The current transnational climate (British Council, 2014) in Europe is likely to continue to generate institutional and classroom situations which dictate that difference and otherness be the norm rather than the exception. Unfortunately, in the 1960's, Black and minority ethnic (BME) migrants from the former British colonies had less-than-favorable educational experiences in Britain due to prejudice and stereotyping mainly arising from cultural differences. Since then there have been a plethora of studies, policies, and reports regarding the perpetuation of discrimination in educational institutions. Today, British higher educational institutions have finally begun to recognize the need to reduce progression and attainment gaps. However, their focus tends to only consider the student “Black and Minority Ethnic attainment gap” with almost no attention being given to educators', or more specifically there is a distinctive lack of thought given to the female BME educators' progression and attainment in British HEIs. As such, this paper draws theoretically and conceptually on critical cultural autoethnography, to illustrate the value of conducting research into a female's BME educators' personal and professional experiences, and “gives voice to previously silenced and marginalized experiences” (Boylorn and Orbe, 2014, p. 15). In doing so, I highlight how higher educational institutions underutilisation of such competencies and contributions have and continue to perpetuate BME underachievement. I conclude the paper by questioning the accountability of providing support for BME educators progression and attainment, challenge educational leaders to consider the value and utilization of cultural knowledge, and implore all educators to reflect on how their personal experiences influence their professional identity.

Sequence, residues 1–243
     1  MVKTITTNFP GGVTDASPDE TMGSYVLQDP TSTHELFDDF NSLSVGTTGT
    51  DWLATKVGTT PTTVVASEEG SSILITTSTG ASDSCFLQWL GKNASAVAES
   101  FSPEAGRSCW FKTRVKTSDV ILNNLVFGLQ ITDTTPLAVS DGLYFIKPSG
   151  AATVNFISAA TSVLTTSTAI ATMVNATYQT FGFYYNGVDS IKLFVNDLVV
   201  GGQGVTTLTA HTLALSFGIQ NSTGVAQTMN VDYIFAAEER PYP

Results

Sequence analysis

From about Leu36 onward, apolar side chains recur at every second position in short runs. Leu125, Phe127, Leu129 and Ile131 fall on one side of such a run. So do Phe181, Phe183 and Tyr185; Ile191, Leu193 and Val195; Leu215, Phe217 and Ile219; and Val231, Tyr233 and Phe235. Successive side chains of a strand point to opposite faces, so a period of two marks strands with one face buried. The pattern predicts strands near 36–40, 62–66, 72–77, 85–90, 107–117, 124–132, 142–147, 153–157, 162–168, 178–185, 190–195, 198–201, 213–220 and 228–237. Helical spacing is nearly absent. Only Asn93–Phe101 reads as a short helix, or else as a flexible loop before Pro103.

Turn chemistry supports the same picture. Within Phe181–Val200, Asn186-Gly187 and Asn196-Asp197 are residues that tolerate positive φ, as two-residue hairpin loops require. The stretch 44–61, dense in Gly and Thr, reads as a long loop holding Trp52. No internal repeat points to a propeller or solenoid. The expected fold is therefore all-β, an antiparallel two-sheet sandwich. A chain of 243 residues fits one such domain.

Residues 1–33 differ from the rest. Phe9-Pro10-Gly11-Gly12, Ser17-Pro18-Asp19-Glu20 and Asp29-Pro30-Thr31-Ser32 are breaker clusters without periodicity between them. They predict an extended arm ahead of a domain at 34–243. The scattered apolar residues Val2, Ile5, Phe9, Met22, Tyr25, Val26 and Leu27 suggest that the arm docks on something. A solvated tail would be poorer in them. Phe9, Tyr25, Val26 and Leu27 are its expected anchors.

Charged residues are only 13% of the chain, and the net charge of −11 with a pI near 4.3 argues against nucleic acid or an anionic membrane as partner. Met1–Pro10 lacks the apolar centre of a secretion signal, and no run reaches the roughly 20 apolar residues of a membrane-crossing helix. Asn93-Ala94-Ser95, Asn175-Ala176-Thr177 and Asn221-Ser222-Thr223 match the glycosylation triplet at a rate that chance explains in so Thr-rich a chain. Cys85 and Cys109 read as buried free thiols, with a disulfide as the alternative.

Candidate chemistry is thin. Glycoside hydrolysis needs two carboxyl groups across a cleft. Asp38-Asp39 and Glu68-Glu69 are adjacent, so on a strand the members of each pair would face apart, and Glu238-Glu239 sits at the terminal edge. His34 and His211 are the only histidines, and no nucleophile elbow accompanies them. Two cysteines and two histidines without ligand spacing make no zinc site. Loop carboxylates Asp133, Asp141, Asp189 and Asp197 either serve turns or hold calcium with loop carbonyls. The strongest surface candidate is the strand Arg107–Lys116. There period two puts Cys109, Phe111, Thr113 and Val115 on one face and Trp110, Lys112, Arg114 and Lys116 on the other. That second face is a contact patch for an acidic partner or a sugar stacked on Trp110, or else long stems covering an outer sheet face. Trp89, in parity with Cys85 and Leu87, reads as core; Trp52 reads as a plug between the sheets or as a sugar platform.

- critical reflection
- cultural critical autoethnography
- cultural knowledge
- educational leadership
- personal and professional identity